One critic of commercial pet food compared the perception of pet food to the perception of smoking in the 40s and 50s.[298] Sir Richard Doll, the scientist credited with discovering the adverse effects of smoking, publicized his findings by 1949. During the 1950s the medical profession generally agreed with Doll&rsquos findings, but it was not until the 1970s that the public began changing their smoking habits. Doll cited the media&rsquos reporting of the dangers of smoking as proven, rather than &ldquocontroversial,&rdquo as the turning point in changing the public&rsquos perception.[299] Despite the presence of 43 known carcinogens in tobacco smoke and over 57,000 reports on the detrimental effects of smoking, tobacco companies denied the danger of their products for years.[300]

Few reports detail the hazards of long term feeding of commercial pet foods and money to fund such research is scarce. Unlike physicians, veterinarians continue to endorse commercial pet food even as they witness, first hand, the diseases caused by malnutrition and obesity.

Thus, changing consumer perception of pet foods is an uphill battle. Faced with veterinarian endorsements for commercial pet foods and slogans touting foods used by &ldquotop breeders&rdquo consumers must navigate a fog of misinformation to seek the truth about pet nutrition. Meanwhile, virtually every article or website dedicated to discussing commercial pet foods concludes with the standard blanket statement telling the consumer to consult their veterinarian. While it may be true that the veterinarian is more educated than the consumer, the section above details why trusting a vet with 100% of your pet&rsquos care is as fallible as trusting complete and balanced labels on pet foods. The better conclusion to these articles is a call to action for consumers to educate themselves and persuade their vets to work with them in creating a diet suitable for their pet&rsquos nutritional needs.[301]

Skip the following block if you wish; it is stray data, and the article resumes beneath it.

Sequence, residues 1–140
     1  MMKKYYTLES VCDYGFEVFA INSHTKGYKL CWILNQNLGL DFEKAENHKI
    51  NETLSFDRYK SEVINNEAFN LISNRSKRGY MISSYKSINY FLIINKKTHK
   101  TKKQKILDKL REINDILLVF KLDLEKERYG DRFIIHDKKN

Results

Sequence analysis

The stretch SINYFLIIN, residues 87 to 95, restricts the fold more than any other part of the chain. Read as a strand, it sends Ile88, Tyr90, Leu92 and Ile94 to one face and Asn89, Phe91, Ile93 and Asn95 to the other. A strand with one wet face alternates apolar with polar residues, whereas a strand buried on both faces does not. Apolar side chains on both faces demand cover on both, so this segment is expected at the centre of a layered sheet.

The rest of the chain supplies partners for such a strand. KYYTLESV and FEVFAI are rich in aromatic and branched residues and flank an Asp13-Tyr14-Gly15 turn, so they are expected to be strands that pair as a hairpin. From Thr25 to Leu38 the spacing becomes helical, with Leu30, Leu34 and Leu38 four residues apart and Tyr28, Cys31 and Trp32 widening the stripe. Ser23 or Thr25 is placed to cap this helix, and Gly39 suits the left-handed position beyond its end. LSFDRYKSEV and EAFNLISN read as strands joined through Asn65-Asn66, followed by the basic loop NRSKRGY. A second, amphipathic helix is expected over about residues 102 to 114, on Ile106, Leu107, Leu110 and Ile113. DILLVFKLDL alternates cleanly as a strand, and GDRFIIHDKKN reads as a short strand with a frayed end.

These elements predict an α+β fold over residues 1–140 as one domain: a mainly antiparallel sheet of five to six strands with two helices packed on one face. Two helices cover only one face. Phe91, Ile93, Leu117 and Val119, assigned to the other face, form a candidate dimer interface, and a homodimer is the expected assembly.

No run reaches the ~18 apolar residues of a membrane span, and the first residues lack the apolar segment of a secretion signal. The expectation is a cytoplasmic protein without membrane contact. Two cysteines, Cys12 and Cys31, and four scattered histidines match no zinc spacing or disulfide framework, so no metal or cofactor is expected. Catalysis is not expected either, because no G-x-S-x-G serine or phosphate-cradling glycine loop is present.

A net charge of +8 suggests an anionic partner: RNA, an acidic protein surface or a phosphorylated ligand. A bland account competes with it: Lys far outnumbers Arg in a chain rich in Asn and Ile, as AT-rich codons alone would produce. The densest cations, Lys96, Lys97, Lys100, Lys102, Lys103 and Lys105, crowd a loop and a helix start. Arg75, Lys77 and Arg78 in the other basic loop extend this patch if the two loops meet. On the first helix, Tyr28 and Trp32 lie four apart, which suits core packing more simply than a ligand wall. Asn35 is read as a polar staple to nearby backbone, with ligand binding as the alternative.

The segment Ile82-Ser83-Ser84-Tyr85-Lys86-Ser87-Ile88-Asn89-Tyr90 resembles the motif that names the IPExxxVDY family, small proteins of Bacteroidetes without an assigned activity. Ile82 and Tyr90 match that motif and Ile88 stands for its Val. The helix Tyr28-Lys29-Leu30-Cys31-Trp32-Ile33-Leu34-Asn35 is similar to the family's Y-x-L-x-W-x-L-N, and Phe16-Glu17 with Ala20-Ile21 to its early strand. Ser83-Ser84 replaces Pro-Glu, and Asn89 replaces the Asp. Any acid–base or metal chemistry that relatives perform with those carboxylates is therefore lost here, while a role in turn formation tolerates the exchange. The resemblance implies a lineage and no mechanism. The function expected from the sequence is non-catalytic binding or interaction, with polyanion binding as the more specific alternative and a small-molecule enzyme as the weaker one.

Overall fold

No pet owner likes hearing that their actions might be harming their pet. The defensive reactions pet owners mount to insinuations that they buy a sub-standard pet food compares only to that of a parent confronted with advice on how to raise their child. Unsolicited scrutiny by outsiders only causes further resistance despite the fact that, more often than not, the pet in question exhibits visible signs of malnutrition such as a shaggy, dull coat, sluggishness, and obesity. &ldquoSaving pet owners money and sparing pets the agony of diet-induced disease are a socially responsible activity&rdquo and should provide enough persuasion to dictate a call to action by those few, but educated consumers.[302]

Like it or not, the United States is a country of pet-owners. Collectively, Americans own more than 130 million cats and dogs.[303] Since the FDA regulates 25% of the American economy it has understandably chosen to allocate its scarce resources to the regulation of drugs, cosmetics and human foods rather than pet foods. But America&rsquos pet owners deserve better than the blind eye the federal government continues to turn on the smoke and mirrors of pet food regulation. More importantly, Americans should demand more for the $12 billion they spend on commercial pet food.